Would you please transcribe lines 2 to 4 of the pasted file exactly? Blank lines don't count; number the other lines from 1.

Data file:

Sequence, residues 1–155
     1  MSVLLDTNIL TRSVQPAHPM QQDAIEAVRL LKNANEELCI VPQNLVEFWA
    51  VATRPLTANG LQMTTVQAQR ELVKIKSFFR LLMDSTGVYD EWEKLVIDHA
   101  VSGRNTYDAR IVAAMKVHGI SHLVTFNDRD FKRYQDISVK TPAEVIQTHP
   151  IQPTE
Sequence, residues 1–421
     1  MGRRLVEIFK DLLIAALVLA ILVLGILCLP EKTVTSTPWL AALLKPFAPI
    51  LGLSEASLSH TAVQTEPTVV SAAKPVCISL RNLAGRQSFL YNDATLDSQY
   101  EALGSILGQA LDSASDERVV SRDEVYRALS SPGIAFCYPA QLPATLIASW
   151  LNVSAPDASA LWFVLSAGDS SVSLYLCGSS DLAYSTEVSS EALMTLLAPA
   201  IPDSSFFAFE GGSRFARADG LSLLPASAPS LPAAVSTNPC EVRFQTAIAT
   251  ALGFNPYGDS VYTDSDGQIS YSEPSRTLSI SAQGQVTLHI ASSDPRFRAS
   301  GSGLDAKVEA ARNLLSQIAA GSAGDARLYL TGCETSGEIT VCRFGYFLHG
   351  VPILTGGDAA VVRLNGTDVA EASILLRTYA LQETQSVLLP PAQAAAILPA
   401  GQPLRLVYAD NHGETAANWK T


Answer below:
     1  MSVLLDTNIL TRSVQPAHPM QQDAIEAVRL LKNANEELCI VPQNLVEFWA
    51  VATRPLTANG LQMTTVQAQR ELVKIKSFFR LLMDSTGVYD EWEKLVIDHA
   101  VSGRNTYDAR IVAAMKVHGI SHLVTFNDRD FKRYQDISVK TPAEVIQTHP